Mortgage rates rise to 4.31 percent

The average rate for a 30-year fixed rate mortgage climbed to 4.31 percent since last week, while the purchase application volume fell five percent. 

  • close
    This chart shows the average interest rates for 15- and 30-year fixed rate mortgages since 2006. After several weeks of explosive growth, rates have been pulling back in recent weeks.
    View Caption
  • About video ads
    View Caption

The Mortgage Bankers Association (MBA) publishes the results of a weekly applications survey that covers roughly 50 percent of all residential mortgage originations and tracks the average interest rate for 30 year and 15 year fixed rate mortgages as well as the volume of both purchase and refinance applications. 

The purchase application index has been highlighted as a particularly important data series as it very broadly captures the demand side of residential real estate for both new and existing home purchases. 

The latest data is showing that the average rate for a 30 year fixed rate mortgage (from FHA and conforming GSE data) increased 3 basis points to 4.31% since last week while the purchase application volume declined 5% and the refinance application volume increased 3% over the same period.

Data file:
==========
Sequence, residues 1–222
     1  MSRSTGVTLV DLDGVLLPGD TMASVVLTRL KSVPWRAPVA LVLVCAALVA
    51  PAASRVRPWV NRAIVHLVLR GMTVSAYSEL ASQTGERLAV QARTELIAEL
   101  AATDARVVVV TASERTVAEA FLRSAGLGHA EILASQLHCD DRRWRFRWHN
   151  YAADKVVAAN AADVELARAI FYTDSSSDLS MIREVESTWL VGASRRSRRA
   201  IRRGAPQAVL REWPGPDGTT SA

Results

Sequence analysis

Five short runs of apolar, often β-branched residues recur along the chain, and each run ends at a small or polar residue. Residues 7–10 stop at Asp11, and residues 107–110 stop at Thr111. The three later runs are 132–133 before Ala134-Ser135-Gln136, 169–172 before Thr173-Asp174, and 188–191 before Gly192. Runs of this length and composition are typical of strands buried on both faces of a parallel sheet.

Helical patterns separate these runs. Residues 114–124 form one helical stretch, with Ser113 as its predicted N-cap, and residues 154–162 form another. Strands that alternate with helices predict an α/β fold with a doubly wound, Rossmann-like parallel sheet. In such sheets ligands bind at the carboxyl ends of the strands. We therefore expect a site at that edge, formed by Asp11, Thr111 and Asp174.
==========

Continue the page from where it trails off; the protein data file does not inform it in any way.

As a result of Fed Chairman Bernanke's abrupt turn-around on the "tapering" issue, rates appear now to be pulling back notably after weeks of explosive increases that saw a rise of over 100 basis points. 

The following chart shows the average interest rate for 30 year and 15 year fixed rate mortgages since 2006 as well as the purchase, refinance and composite loan volumes (click for larger dynamic full-screen version).

The Christian Science Monitor has assembled a diverse group of the best economy-related bloggers out there. Our guest bloggers are not employed or directed by the Monitor and the views expressed are the bloggers' own, as is responsibility for the content of their blogs. To contact us about a blogger, click here.To add or view a comment on a guest blog, please go to the blogger's own site by clicking on


We want to hear, did we miss an angle we should have covered? Should we come back to this topic? Or just give us a rating for this story. We want to hear from you.